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BMC Neuroscience

Open Access

Theoretical descriptions of EEG activity: application to absence seizures

  • Frank Marten1Email author,
  • Serafim Rodrigues2,
  • Piotr Suffczynski3,
  • Mark Richardson4 and
  • John R Terry1
BMC Neuroscience200910(Suppl 1):P74

Published: 13 July 2009


Absence seizures are a class of primary generalized seizures, which typically affect children and young adults. Electroencephalography (EEG) recordings of patients with absence seizures display 2–4 Hz rhythmic activity, the classically observed rhythm being a discharge with a sharp spike and slow wave. However, a systematic study of data from a number of subjects with absence seizures also revealed poly-spike and wave, wave-spike or even no discernable spike-wave onset during seizure events. We present a unifying mathematical framework to study the mechanisms underlying these EEG signals.


The model we introduce is a cortico-thalamic system, used to describe the brain's electrical activity as recorded via EEG. The bifurcation structure of this model has been analyzed with the software package MATCONT. The aim of our analysis was to identify parameters that are crucial for the onset of abnormal activity, and investigate mechanisms leading to (poly)spike wave solutions.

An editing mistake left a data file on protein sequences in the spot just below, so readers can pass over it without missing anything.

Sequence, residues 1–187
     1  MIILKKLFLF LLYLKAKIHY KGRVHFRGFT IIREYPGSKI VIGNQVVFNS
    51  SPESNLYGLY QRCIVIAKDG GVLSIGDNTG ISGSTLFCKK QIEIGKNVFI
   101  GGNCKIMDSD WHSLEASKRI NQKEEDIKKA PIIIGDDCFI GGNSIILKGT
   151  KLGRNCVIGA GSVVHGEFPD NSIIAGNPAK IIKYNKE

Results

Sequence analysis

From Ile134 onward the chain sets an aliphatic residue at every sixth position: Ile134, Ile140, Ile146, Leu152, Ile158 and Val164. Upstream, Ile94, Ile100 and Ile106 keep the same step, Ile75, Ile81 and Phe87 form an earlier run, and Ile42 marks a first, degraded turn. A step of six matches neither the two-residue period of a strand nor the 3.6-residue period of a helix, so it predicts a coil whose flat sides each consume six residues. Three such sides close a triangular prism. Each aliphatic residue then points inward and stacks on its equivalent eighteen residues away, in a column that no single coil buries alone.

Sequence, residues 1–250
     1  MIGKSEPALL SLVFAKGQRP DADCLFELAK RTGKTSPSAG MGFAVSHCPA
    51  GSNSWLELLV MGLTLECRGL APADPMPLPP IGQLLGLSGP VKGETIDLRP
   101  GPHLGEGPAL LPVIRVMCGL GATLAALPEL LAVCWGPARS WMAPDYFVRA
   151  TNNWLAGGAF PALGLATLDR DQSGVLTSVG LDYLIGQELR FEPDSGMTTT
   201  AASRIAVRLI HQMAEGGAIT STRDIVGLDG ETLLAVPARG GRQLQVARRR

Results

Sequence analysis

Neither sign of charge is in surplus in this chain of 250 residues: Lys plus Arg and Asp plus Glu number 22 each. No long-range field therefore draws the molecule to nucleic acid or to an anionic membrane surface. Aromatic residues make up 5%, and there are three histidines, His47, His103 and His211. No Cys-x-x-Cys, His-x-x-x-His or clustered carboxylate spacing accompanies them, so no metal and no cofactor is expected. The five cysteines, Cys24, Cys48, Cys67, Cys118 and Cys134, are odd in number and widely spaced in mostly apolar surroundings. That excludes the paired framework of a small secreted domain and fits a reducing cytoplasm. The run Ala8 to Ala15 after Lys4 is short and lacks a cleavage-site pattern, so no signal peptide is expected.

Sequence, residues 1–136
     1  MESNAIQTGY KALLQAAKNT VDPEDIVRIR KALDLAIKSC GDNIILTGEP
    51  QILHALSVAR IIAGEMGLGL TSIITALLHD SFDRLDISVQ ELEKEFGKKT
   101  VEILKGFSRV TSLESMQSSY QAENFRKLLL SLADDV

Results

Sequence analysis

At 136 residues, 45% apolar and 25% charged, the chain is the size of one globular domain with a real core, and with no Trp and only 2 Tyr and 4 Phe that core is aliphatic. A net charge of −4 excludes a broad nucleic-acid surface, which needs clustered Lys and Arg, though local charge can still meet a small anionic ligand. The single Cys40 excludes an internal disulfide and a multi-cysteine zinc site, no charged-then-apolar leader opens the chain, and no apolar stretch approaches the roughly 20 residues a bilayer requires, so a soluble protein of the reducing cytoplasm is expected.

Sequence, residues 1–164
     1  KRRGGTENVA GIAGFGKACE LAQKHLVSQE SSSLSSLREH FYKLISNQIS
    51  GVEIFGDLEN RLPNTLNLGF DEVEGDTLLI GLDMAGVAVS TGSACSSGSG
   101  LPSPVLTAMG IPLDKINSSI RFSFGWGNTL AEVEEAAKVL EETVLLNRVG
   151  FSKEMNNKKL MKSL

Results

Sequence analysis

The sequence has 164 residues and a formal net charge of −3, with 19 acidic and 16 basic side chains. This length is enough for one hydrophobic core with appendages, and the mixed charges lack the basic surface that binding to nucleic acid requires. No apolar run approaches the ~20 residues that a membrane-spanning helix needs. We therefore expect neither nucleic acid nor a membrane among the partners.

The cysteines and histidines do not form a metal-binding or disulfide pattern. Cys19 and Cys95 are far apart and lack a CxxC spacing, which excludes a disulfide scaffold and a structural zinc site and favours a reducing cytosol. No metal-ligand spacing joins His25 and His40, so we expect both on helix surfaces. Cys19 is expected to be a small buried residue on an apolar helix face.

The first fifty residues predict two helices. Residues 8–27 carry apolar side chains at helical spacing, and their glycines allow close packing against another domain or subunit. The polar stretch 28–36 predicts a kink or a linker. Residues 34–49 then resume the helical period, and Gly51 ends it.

We identified regions in parameter-space where our model supports (poly)spike wave activity. Transitions into these regions occur through Hopf bifurcations, and also through bistability. Hence, our model incorporates two mechanisms to simulate the onset of seizures. Moreover, we investigate the onset of poly-spike wave oscillations; these solutions are created through inflection-points, which depend on inhibitory synaptic timescales.


By studying the transitions in a theoretical model for EEG, using a numerical bifurcation analysis, we have identified parameters and mechanisms leading to the onset of (poly)spike wave dynamics. Future work will include a comparison between model and data, by means of parameter fitting. In addition, we aim to enhance our modelling approach by including spatial extent, physiological effects such as neurotransmitter timescales and anatomical effects such as volume conduction.

Authors’ Affiliations

Department of Engineering Mathematics, University of Bristol
UNIC, CNRS, Gif-Sur-Yvette
Department of Biomedical Physics, Warsaw University
Institute of Psychiatry, King's College London


© Marten et al; licensee BioMed Central Ltd. 2009

This article is published under license to BioMed Central Ltd.